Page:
What My Headlines Look Like

A while back I described how to organize your to-do’s by comparing them to newspaper headlines. Today I want to share an actual model of what that might look like.

To summarize, the front page of a newspaper is made up of a series of short compelling headlines.  Each headline may have a short blurb, but it always has a connecter to the full story inside.  Much of the time, what piles up on our desks are full stories.  What we need then is just a short action description (or headline) and a connector to the larger project.

There is no one right way to do this, but since a physical model might help, here is what my headlines system looks like.


Rather than having several different directions to focus on, I have just one.  To the right of my desk I keep an upright clipboard with today’s schedule printed out.  The part that is printed is what I refer to as FIXED time.  They are mostly external commitments I have made to other people.

The problem with most time management systems is that they don’t take into account the FLEXIBLE time, internal commitments you make to yourself that are constantly changing.  That’s what the little Post-It notes are for and THEY are the headlines.

One of the reasons traditional newspapers are dwindling is that the latest breaking news usually changes by the time they go to print.  Newspapers just can’t compete with the flexibility of the online news services.  The little Post-its allow you to adjust your priorities as fast as they change AND you don’t have to keep rewriting them as you would on a fixed to-do list.

The real story here is the size of the Post-It’s.  It doesn’t take much to compel you to action.  In fact, the smaller something seems, the more manageable something is.

As the old saying goes, how do you eat an elephant? One bite at a time.  It’s helpful to make a distinction between projects and tasks.  A project is an elephant and a task is a bite.  Each Post-It represents a task.  To continue with the newspaper analogy, it makes no more sense to write a task that says “create website” than it does to write a headline that says “China.”  “Create website” is a project, not a task and “China” is a country, not a headline.

Part of what makes this system work is being able to find files RELIABLY.  If there’s not a reliable connection between the headline and the full story, then the system falls apart.  This connection is represented by a very simple letter on the Post-It’s lower right (the same spot as a page connector in a newspaper.) The “F” is for file cabinet, the “T” is for tickler file, the “C” is for car (a handy place to find coupons), and “R” is for what I call running files.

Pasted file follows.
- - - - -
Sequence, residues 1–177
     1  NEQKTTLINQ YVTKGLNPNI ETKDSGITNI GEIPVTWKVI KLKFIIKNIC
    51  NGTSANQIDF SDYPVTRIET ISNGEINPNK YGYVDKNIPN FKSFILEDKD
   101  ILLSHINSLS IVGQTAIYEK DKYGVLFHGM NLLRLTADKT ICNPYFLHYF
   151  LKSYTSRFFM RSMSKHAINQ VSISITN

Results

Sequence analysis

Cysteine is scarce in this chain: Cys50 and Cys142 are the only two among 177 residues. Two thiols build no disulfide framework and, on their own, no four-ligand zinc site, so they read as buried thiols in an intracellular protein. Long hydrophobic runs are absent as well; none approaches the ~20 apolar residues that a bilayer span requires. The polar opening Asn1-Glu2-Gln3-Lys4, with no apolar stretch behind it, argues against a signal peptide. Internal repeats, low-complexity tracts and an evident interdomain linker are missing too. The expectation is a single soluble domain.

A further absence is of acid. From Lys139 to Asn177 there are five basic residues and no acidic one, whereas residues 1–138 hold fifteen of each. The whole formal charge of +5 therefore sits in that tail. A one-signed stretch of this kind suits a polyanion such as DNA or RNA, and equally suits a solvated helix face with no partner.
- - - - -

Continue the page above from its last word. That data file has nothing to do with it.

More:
Running files are files you want to make a point of acting on.  These are ongoing projects that need to be in front of you.  You can see these running files right behind the headlines page in the clear, labeled envelopes.  There is still a limited number of tasks and ideas contained within each project envelope.  If I need bulkier elements I will find them reliably in the file cabinet or reference shelf.

To make my day’s headlines portable, I simply slip them into a clear folder, pictured to the right.  I call this my Today folder.  It has pockets inside for receipts and other items I pick up outside the office, but I have one very simple rule: what goes in the Today folder comes out Today.  This way it always stays small and manageable.  My Today folder lives behind the clipboard.

To stay on top of weeks and months I review my projects and calendar every Sunday and print out a week’s worth of day sheets.  I pull tasks from the project envelopes, add new ones, and distribute them throughout my day sheets, around the fixed events.

You give yourself the best odds of getting your to-do’s to done when they are vertical, visible, and minimal.  Minimal is particularly important and the headlines approach keeps your action minimal.  Consider the opposite.  If the front page of a newspaper contained all the stories, the type would have to be tiny and the paper enormous.  The ability to focus on such a thing would be all but impossible.  If you feel the same way about the piles on your desk, you might want to give the headlines approach a try.